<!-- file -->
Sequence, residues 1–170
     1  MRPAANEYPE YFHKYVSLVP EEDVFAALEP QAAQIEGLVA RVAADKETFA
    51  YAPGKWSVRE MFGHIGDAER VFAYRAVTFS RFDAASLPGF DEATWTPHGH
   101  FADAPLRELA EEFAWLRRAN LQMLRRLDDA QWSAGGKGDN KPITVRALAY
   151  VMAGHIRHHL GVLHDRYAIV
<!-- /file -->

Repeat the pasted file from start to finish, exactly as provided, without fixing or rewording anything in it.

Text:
Sequence, residues 1–170
     1  MRPAANEYPE YFHKYVSLVP EEDVFAALEP QAAQIEGLVA RVAADKETFA
    51  YAPGKWSVRE MFGHIGDAER VFAYRAVTFS RFDAASLPGF DEATWTPHGH
   101  FADAPLRELA EEFAWLRRAN LQMLRRLDDA QWSAGGKGDN KPITVRALAY
   151  VMAGHIRHHL GVLHDRYAIV